One of the reasons Volvo has hybridised the V60 rather than its larger V70 estate is that the two cars share the same underpinnings. The V60’s smaller, lighter body leaves more in reserve. “Because the platform also carries bigger cars, we can still have a good payload,” says Karl-Johan Ekman, business project leader for the car. Towing capability will remain the same as the ordinary D5 AWD, at 1800kg, he notes.

There are compromises of course. The battery eats up luggage space, meaning the boot volume with seats up falls from the standard car’s 430 litres to just 310 litres – quite a small capacity for a Volvo estate. With the seats folded, the raised boot floor will no longer be flush with the seatbacks but will be 6cm higher.

The other big compromise will be cost: Ekman says only that the V60 hybrid will be “quite high priced”, which seems unavoidable since the car requires a whole V60 D5 auto (rock bottom UK list price £29,420) plus about £5,000-worth of batteries in the boot. I’d guess at an on-the-road price of at least £40,000 (possibly £45,000, if the government’s plug-in incentive scheme is still in action when the car arrives).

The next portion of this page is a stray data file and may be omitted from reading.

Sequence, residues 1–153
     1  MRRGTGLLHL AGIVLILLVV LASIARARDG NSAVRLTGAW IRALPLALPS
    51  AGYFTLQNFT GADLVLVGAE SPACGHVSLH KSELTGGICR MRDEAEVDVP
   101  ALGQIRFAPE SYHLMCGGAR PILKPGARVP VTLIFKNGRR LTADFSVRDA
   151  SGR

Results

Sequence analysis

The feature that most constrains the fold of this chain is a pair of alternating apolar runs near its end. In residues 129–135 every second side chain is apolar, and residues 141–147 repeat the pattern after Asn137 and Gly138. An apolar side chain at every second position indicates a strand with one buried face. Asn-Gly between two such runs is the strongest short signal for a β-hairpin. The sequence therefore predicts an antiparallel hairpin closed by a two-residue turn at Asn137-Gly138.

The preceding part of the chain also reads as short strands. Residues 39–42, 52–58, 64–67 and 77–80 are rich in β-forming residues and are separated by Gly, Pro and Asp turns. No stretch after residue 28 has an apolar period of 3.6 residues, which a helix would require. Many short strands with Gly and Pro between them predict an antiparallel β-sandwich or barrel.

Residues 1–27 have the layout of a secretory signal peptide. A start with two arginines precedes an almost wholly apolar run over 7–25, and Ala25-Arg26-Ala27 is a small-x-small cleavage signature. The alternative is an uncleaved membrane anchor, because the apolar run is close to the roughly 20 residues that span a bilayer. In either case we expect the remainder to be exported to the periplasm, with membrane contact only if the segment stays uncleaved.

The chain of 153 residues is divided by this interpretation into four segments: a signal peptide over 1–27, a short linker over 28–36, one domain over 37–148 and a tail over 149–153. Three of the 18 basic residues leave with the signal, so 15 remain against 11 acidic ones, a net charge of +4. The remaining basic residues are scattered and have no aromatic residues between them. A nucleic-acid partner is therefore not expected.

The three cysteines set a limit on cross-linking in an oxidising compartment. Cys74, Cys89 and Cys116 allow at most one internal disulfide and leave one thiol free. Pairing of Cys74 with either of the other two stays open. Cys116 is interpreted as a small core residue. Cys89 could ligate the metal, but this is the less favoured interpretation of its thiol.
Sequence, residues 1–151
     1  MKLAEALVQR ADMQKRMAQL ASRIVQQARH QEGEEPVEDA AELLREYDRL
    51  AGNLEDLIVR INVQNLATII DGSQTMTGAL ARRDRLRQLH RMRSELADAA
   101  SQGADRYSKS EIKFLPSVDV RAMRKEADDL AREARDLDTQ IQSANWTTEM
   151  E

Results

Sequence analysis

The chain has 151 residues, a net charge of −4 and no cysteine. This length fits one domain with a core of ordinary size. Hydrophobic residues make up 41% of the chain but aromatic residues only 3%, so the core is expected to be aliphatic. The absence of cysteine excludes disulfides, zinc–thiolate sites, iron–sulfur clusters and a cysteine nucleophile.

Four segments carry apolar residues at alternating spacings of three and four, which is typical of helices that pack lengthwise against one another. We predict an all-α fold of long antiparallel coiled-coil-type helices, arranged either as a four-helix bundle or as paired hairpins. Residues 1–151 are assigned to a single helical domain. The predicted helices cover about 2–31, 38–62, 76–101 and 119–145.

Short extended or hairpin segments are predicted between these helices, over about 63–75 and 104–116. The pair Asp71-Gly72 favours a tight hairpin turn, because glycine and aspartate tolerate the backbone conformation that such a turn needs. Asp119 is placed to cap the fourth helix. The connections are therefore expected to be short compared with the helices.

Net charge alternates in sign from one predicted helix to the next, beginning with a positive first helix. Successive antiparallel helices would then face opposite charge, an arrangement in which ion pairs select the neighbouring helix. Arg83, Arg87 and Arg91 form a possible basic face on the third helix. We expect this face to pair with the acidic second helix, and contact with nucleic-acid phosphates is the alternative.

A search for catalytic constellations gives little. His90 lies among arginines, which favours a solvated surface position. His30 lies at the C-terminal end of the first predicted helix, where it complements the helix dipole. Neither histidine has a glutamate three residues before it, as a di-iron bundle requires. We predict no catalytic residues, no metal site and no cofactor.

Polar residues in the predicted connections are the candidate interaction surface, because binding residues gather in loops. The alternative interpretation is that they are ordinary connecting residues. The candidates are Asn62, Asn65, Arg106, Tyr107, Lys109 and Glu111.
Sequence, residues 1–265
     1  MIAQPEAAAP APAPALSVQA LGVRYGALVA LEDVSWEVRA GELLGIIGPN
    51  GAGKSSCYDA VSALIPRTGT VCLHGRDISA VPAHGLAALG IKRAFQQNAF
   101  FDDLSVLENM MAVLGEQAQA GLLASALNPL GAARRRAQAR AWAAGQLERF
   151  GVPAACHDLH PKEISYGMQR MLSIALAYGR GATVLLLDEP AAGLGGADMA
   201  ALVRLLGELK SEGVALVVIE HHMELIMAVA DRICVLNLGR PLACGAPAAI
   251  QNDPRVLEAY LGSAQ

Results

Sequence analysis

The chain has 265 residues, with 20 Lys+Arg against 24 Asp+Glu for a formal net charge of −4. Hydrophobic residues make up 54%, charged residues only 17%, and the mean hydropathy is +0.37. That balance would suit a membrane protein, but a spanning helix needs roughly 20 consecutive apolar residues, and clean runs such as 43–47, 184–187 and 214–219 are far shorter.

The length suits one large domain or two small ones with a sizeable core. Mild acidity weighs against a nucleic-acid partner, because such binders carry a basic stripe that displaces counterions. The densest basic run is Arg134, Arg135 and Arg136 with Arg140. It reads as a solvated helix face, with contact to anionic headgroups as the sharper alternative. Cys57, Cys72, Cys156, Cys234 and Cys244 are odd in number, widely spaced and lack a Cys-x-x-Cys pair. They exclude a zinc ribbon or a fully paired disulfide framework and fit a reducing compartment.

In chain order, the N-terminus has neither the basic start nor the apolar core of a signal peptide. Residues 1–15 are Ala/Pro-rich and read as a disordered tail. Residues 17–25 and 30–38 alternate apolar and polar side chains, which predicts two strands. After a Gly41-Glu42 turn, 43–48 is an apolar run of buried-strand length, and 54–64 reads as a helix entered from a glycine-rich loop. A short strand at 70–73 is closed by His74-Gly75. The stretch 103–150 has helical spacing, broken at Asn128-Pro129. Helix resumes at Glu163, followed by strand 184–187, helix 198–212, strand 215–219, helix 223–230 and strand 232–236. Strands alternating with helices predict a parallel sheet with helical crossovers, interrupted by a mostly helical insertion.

The other headline figure – 49g/km – comes paired with consumption of 1.9 litres per 100 km, or about 124mpg. Impressive numbers, but they’re currently targets rather than results measured on the official cycles. Engineering of the car is advanced but still ongoing, with Reinholdsson noting that gearing and shift points are still under development, for example. Will the team manage to achieve such difficult goals?

Ekman weighs up the odds carefully: “If we fail, the PR department will go berserk. And I’ll end up working in a grocery store.”

Judging from the polished state of the parallel electric C30 project, I suspect Ekman will keep his job. No doubt the V60 will arrive with targets intact at the tail end of 2012.